Hi all..

I've collaborated with a number of people who have been in the packaging
world for quite a while and came up with something that would probably
be called XARv2.

More details can be found here [1], but wanted to share some quick
numbers..

1.3M /usr/portage/packages/app-editors/vim-7.2.021.oxe
1.5M /usr/portage/packages/app-editors/vim-7.2.021.tbz2


time xar -xf /usr/portage/packages/app-editors/vim-7.2.021.oxe
0.15u 0.01s 0:00.18 88.8%

time gtar -xf /usr/portage/packages/app-editors/vim-7.2.021.tbz2
0.24u 0.02s 0:00.26 100.0%

# Someone correct me if I'm doing this wrong
time /usr/bin/star -x -bz <
/usr/portage/packages/app-editors/vim-7.2.021.tbz2
0.24u 0.03s 0:00.35 77.1%

(When I get a chance I'll do it on a larger package..
java/sunstudioexpress..)

I ran it more than once and overall it seemed pretty consistent.. So
what exactly is under the hood
.tbz2 == bzip2 compressed data, block size = 900k + xpak tagged on
after EOF so that metadata can be easily extracted..
.oxe == xar archive - version 1 + xz (lzma2) compressed and using xar's
built-in toc to store metadata (gzip)

Who else is using something similar?

tbz2 is used by Gentoo.. (anyone else?)
xar was/is used by macports, (Apple?) and also by rpm5.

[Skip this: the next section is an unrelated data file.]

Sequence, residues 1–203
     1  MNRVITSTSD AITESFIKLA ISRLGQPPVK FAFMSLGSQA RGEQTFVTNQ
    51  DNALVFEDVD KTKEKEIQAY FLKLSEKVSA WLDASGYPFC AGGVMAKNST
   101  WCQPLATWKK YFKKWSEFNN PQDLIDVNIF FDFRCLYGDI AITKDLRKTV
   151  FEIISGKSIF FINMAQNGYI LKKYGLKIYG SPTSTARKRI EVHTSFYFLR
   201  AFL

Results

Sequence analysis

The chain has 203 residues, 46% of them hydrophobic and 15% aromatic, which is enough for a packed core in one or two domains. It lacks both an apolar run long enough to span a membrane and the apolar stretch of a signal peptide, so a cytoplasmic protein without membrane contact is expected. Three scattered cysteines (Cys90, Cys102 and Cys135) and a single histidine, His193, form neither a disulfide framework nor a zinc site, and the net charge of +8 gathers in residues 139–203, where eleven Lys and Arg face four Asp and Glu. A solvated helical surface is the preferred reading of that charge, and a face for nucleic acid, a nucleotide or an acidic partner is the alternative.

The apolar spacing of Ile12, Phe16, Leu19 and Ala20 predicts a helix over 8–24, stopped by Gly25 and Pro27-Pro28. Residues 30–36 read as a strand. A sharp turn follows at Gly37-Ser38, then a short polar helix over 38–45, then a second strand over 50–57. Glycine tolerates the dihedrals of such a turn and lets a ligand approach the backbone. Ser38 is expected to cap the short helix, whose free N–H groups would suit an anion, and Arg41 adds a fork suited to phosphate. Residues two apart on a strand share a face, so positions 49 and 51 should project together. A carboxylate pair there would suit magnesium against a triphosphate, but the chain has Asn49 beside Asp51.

I'll be ironing out metadata details a bit later today, but open to
suggestions. I'm initially including a qalevel in the metadata so that
a policy by administrators can be used to filter out packages not
meeting a certain level of assurance/testing. I have other ideas of how
to build in tools so that customizing different aspects of the OS are
policy based instead of requiring a reinstall. The bottom line for
administrators will be subscribing to "channels" which will have the
choice between things like kde vs gnome vs E vs something else or mysql
vs postgresql.. So if you have a custom postfix setup that's backed by
postgresql you'll have a full stack compiled just for that and not just
using the everything approach. Of course this won't fit everyone, but
making and maintaining custom channels should be fairly easy.

If you're good with python or C code I could use help to speed this up.
Once the items on the packaging TODO [1] are done I'll push for more
public testing and eventually ask for more community mirrors.

Thanks

./Christopher

#ospkg @ irc.freenode.net
http://www.osunix.org

[1] http://www.osunix.org/docs/DOC-1012

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grouposunix-dev @
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postedJan 20, '09 at 10:55a
activeJan 20, '09 at 1:16p
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